27th . Accompanied with some English gentlemen, we took horse to see St. Germains-en-Laye, a stately country-house of the King, some five leagues from Paris. By the way, we alighted at St. Cloud, where, on an eminence near the river, the Archbishop of Paris has a garden, for the house is not very considerable, rarely watered and furnished with fountains, statues, and groves; the walks are very fair; the fountain of Laocoon is in a large square pool, throwing the water near forty feet high, and having about it a multitude of statues and basins, and is a surprising object. But nothing is more esteemed than the cascade falling from the great steps into the lowest and longest walk from the Mount Parnassus, which consists of a grotto, or shell-house, on the summit of the hill, wherein are divers waterworks and contrivances to wet the spectators; this is covered with a fair cupola, the walls painted with the Muses, and statues placed thick about it, whereof some are antique and good. In the upper walks are two perspectives, seeming to enlarge the alleys, and in this garden are many other ingenious contrivances. The palace, as I said, is not extraordinary. The outer walls only painted a fresco. In the court is a Volary, and the statues of Charles IX., Henry III., IV., and Louis XIII. on horseback, mezzo-relievo’d in plaster. In the garden is a small chapel; and under shelter is the figure of Cleopatra, taken from the Belvidere original, with others. From the terrace above is a tempest well painted; and thence an excellent prospect towards Paris, the meadows, and river.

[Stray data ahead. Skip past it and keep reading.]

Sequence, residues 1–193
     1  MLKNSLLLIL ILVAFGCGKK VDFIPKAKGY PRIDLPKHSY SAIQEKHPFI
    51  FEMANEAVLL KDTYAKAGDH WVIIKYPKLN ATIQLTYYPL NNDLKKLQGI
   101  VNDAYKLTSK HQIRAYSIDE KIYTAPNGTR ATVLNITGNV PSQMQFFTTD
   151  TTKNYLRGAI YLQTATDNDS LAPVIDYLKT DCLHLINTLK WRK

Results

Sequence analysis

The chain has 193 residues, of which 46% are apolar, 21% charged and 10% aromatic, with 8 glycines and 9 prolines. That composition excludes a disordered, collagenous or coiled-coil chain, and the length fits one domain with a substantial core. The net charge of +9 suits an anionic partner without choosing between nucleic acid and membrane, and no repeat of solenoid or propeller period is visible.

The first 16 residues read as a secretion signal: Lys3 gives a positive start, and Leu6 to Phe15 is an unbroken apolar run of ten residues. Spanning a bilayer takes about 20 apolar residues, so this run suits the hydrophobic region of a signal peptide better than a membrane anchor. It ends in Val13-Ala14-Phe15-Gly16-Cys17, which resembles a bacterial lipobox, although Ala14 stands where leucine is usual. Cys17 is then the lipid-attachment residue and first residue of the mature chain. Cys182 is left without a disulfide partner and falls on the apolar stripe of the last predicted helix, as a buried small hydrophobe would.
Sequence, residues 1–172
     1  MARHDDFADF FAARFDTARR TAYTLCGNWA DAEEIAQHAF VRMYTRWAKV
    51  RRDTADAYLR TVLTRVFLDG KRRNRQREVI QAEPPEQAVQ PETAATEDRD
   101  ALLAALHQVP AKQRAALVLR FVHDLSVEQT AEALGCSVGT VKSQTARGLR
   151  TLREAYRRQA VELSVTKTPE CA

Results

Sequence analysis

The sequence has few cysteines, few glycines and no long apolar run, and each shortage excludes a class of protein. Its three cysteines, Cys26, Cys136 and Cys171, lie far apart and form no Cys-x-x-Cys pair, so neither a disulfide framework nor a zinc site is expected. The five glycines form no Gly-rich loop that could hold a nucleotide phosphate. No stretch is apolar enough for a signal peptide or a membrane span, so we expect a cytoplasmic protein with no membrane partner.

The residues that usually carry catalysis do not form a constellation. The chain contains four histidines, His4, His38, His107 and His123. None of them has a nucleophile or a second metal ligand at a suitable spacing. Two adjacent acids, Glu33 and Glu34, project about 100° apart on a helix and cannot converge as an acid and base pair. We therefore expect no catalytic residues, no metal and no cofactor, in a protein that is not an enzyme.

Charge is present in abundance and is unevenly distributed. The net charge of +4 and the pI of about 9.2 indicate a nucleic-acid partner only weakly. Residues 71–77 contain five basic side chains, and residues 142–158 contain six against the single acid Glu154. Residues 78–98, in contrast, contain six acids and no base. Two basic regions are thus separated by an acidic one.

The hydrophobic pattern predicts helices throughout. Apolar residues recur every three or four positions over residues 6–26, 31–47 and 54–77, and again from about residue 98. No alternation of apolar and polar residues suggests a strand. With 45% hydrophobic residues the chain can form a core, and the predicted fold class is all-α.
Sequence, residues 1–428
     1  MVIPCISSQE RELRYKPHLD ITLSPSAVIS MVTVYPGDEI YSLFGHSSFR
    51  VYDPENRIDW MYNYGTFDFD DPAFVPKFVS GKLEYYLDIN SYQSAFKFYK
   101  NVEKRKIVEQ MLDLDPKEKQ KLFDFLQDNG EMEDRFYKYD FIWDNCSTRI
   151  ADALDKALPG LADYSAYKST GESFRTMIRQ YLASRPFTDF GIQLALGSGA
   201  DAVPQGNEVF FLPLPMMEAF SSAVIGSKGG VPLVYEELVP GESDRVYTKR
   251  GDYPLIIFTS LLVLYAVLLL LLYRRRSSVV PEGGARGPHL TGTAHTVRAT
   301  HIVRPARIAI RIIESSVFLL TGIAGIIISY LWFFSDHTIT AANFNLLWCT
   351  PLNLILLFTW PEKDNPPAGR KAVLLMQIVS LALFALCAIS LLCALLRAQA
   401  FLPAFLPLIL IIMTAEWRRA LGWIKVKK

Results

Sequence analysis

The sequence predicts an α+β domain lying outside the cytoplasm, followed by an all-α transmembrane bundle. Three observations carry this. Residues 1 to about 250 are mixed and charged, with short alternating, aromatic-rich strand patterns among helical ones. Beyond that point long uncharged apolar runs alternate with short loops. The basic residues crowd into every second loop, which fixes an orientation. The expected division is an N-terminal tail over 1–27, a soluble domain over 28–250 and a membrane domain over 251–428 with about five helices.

At ar, inn in this village is a host who treats all the great persons in princely lodgings for furniture and plate, but they pay well for it, as I have done. Indeed, the